How to Plan to Build a House

There are a few decisions that make a big difference in how to plan to build a house.

At this phase of construction, your plans may just be dreams. To make the most of those dreams, start making your house plan.

The first question you need to answer is will this be a house built to sell as an investment or a home to live in for a long time? First, never get attached to an investment. You will overspend regardless, so don't add to it with emotion. Whether you choose a spec or investment home, plan where your overages will be spent ahead of time. Write down your plans. This will allow for a subjective review of your ideas from others. Take your time to decide now. Once you start building, there are payments and even the costs of remodeling of a new house that make changing your mind costly.

Will you be building in town or in the county? There are limitations to building in town on a subdivided lot. When building out of town, though, you take on more liability because there are no inspections. If you dream of acreage, then your lot size will not limit the size of house you can build. Choosing a builder and contractors you trust become more important than the footprint of your home. In contrast, in a subdivision, fitting a custom home on a particular lot can be nearly impossible if mismatched. To avoid this, just keep in mind you are choosing a subdivision/house plan combo. For example, if you must absolutely live in a particular subdivision, the lot may not be big enough to include a wrap-around porch or other similar amenities. Look at the homes currently being built to guide you as to what combination is a good fit when building in a subdivision.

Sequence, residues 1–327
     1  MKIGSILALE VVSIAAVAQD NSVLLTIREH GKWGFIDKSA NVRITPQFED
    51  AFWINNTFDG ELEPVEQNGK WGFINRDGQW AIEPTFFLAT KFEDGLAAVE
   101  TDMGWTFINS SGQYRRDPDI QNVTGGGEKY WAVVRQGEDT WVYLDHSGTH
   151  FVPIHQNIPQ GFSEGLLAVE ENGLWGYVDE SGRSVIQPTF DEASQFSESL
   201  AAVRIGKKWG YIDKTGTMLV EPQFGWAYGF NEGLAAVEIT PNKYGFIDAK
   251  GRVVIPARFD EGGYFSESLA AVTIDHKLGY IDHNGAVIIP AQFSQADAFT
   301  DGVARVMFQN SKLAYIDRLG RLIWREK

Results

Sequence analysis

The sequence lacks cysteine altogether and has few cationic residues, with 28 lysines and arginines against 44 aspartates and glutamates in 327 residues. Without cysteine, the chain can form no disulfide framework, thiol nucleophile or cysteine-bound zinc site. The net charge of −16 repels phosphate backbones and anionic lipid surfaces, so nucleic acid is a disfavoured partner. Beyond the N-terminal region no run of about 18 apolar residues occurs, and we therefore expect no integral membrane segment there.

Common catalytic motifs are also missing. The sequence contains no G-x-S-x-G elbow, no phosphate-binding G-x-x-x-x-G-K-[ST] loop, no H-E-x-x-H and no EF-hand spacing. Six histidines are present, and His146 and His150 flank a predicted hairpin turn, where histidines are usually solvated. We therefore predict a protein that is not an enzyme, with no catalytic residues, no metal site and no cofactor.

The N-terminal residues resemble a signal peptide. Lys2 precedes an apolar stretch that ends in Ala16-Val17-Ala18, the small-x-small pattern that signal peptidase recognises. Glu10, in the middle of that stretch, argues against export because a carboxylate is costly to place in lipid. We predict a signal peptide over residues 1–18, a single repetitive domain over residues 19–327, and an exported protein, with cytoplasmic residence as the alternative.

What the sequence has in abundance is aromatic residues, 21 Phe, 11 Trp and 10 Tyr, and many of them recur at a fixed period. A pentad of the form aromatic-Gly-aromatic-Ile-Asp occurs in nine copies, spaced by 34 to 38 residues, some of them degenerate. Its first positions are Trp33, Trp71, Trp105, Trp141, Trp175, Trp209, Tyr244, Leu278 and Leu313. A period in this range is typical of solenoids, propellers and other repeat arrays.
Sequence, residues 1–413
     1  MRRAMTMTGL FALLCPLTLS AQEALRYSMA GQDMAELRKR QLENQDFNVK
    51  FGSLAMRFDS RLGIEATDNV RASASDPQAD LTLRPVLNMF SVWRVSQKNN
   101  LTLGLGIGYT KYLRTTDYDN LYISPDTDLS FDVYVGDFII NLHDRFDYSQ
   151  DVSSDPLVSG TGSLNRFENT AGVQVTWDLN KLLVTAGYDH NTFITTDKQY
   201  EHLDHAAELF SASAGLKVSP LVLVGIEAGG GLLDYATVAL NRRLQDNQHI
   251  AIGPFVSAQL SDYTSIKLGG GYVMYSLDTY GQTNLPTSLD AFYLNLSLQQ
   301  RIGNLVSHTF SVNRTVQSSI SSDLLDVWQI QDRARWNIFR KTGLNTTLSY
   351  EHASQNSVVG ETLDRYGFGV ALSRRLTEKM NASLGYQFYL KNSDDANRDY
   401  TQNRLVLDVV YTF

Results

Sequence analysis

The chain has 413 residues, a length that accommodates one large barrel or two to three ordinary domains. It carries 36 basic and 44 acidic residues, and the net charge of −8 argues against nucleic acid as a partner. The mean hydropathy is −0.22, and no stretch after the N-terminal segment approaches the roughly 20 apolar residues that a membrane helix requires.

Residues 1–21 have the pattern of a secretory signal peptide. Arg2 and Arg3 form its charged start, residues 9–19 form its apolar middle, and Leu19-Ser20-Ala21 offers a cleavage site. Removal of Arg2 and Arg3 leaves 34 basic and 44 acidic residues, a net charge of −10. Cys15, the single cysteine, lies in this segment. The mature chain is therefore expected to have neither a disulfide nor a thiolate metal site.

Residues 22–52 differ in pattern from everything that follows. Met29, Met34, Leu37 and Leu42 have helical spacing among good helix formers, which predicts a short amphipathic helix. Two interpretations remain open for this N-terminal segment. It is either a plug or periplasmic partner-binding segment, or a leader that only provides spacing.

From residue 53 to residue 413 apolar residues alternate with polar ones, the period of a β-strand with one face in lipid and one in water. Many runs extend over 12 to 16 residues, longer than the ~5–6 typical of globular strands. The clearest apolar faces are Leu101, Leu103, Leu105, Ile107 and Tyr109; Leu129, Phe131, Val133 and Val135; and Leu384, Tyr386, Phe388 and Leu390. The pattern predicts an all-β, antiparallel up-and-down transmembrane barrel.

Gather ideas of what you like and don't like. This is the best way to get exactly what you want in a custom or pre-sold home. The pre-sold home is sold before the construction ever begins, which reduces some of the variables for the builder and can save you money. In most cases, it is best to ask an architect to draw your home plan. Pictures and example plans are the best way to communicate what it is you actually want. Purchase home plan catalogs and magazines, and browse through them for ideas. Or carry a camera everywhere you go and spend your weekend exploring different home ideas.

Things You Will Need

  • house plan catalogs or magazines camera notepad and pen

About the Author

Tara Hornor has a B.S.E. in secondary English with an emphasis in composition. After college, she taught in a private school but found her passion as a homeschool teacher. Two years ago, she decided to make writing her career and be a stay-at-home mom.